Guest opinion: Senator Johnson says farewell |

Guest opinion: Senator Johnson says farewell

Below is Johnson’s statement as prepared for delivery Dec. 11.

“In 1986 the people of South Dakota elected me to serve them in the 100th Session of the United States Congress, in the House of Representatives, and in 1996 they gave me the honor and privilege of being their junior Senator.

“When I ran for the House in 1986, I told the people of South Dakota that neither party has all the answers, and that both parties have good ideas, as well as men and women of good will. My job, as I understood it, would be to work in a bipartisan manner listening to all parties and reaching a good fit, also known as a compromise. That is what I still believe.

“However, in each year of my 28 years of service, this has become more difficult to achieve. Each party, rather than working cooperatively for the American people, is more and more focused on winning the next election. Today, days after the 2014 election, you can walk into the call center for either party and find members dialing for dollars for 2016.

“Tonight there will be fundraisers across DC where members will discuss policy, not with their constituents, but with organizations that contribute to their campaigns.

“Mr. President, we have lost our way.

“My thoughts are not original. My colleague and dear friend from South Dakota, Senator Tom Daschle, in his farewell called for finding common ground that “will not be found on the far right or on the far left. That is not where most Americans live. We will only find it in the firm middle ground based on common sense and shared values.”

“Ohio’s Senator Voinovich in his 2010 farewell speech said that his greatest frustration was the difficulty in finding common ground on significant issues, saying that it doesn’t happen often enough.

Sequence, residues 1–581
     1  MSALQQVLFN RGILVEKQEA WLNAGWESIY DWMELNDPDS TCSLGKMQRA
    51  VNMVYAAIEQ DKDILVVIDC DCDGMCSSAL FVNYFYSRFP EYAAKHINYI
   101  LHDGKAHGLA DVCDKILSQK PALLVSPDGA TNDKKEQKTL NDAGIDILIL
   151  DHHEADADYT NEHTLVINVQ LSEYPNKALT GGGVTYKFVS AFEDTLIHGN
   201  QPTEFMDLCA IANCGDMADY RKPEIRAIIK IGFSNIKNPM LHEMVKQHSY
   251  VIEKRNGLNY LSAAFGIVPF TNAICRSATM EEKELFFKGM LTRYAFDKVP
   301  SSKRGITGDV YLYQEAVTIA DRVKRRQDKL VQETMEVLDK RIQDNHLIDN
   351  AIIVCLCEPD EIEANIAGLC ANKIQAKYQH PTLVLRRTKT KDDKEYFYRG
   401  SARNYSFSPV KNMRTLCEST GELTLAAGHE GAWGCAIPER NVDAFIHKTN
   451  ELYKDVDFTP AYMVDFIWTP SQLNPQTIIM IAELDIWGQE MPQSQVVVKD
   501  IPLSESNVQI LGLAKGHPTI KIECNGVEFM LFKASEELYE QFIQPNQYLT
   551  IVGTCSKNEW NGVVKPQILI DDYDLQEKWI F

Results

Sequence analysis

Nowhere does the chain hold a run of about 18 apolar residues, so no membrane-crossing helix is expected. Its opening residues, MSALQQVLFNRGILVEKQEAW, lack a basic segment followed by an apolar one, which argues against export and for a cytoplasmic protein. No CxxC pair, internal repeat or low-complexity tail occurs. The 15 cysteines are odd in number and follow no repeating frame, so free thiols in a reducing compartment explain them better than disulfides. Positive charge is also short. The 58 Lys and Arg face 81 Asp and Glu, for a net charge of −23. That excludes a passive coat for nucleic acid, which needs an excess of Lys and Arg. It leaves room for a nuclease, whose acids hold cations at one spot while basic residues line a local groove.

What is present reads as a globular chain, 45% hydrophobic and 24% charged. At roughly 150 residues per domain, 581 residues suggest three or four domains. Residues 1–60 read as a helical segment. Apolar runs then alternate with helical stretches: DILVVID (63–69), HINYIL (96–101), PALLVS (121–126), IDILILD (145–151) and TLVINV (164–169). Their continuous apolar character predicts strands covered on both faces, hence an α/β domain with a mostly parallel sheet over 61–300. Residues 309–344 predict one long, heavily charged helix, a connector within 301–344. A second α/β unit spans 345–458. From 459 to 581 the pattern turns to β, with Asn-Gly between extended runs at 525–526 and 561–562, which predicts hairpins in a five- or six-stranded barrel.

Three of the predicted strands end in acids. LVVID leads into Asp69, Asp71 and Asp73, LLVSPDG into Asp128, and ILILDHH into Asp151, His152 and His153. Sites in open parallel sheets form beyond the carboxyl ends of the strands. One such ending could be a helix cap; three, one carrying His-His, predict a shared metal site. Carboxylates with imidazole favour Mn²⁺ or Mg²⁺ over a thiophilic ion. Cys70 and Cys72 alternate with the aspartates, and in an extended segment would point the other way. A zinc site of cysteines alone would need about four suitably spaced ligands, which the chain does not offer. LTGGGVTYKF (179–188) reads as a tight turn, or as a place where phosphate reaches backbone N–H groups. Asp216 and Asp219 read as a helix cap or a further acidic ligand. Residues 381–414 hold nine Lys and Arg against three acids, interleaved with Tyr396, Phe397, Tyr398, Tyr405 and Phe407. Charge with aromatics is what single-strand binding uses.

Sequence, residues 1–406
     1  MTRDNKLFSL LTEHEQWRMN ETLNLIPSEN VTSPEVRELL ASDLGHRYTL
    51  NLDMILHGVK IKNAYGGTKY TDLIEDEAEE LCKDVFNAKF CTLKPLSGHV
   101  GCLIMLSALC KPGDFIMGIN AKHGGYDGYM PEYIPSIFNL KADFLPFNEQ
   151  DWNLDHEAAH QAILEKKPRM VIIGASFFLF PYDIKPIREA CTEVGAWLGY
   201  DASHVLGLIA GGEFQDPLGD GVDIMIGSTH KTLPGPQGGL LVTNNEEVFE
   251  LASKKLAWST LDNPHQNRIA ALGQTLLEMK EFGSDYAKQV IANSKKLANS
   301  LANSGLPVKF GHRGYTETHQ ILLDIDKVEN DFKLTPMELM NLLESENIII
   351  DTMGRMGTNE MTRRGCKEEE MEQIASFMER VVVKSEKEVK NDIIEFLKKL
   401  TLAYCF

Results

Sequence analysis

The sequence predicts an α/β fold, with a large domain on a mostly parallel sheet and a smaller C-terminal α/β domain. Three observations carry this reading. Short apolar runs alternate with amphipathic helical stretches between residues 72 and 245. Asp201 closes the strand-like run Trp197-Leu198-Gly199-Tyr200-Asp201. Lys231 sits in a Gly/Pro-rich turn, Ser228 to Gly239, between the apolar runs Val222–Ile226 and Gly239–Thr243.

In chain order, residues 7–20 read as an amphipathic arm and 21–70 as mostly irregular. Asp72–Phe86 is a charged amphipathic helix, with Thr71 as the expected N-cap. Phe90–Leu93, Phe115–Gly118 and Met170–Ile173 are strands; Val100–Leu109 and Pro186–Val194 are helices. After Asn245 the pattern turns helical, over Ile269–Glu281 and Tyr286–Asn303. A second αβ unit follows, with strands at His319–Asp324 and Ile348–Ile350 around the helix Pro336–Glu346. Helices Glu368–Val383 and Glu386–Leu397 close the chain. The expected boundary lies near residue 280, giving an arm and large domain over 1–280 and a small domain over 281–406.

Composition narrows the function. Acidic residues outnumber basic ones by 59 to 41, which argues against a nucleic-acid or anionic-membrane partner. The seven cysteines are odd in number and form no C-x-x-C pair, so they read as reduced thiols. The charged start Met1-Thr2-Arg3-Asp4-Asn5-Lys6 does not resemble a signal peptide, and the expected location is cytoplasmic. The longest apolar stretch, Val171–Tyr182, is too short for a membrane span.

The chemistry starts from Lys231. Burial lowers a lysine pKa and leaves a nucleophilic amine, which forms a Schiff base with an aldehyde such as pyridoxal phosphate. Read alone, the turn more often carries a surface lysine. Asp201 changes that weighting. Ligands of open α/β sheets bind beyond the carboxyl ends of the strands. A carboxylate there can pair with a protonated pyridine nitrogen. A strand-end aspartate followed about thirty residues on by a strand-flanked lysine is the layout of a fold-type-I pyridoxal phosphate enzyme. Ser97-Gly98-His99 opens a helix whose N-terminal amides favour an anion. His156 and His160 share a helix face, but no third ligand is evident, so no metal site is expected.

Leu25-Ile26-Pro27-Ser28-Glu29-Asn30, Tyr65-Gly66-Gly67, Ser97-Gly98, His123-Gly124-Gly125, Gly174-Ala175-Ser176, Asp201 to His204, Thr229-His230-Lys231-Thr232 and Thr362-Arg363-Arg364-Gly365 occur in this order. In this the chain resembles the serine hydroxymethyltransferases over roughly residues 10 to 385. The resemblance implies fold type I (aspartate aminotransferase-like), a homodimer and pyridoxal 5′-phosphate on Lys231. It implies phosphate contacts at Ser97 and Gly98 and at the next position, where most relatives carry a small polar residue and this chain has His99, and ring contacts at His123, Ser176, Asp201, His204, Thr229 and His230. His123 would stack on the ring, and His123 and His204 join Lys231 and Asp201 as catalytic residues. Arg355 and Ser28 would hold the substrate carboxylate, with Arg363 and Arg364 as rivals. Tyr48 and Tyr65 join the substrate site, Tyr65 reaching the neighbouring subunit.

“In fact, the need for bipartisanship and the lack of it in the Senate is a hallmark of Senate farewell speeches. Rather than expounding on this topic, I would like to share the rare instances where I have experienced it.

“I found it working with my colleague Senator John Thune as we put aside our political differences and worked as our constituents expected two Norwegians to work. We worked side-by-side as we pushed for farm bills, highway funding, emergency relief from draughts and from floods, we successfully fought the proposed BRAC closing of Ellsworth Air Base. However, honoring our Norwegian heritage, we never hugged.

“I was grateful and humbled by your support on September 9, 2007 – the day that I returned to the Senate when almost every chair in this chamber was filled. Senator Reid and Senator McConnell, I thank you for your welcome back to the Senate family.

“In the years ahead, I will miss this family, not the bickering that I mentioned earlier, but the blessing that you have all been to Barbara and me.

“Mr. President, I would also like to thank another family that has been critical to my work for South Dakota, a family that goes by the name Team Johnson. This team is composed of highly talented and caring individuals that have worked tirelessly in the halls of Congress, in South Dakota, and on campaigns to make our state and our country a better place to live.

“Finally, to the people of South Dakota, thank you for the honor and privilege of serving you in our state legislature, the House of Representatives and the United States Senate. Thank you for working side-by-side with me to improve the lives of South Dakotans and our nation.

–edited for length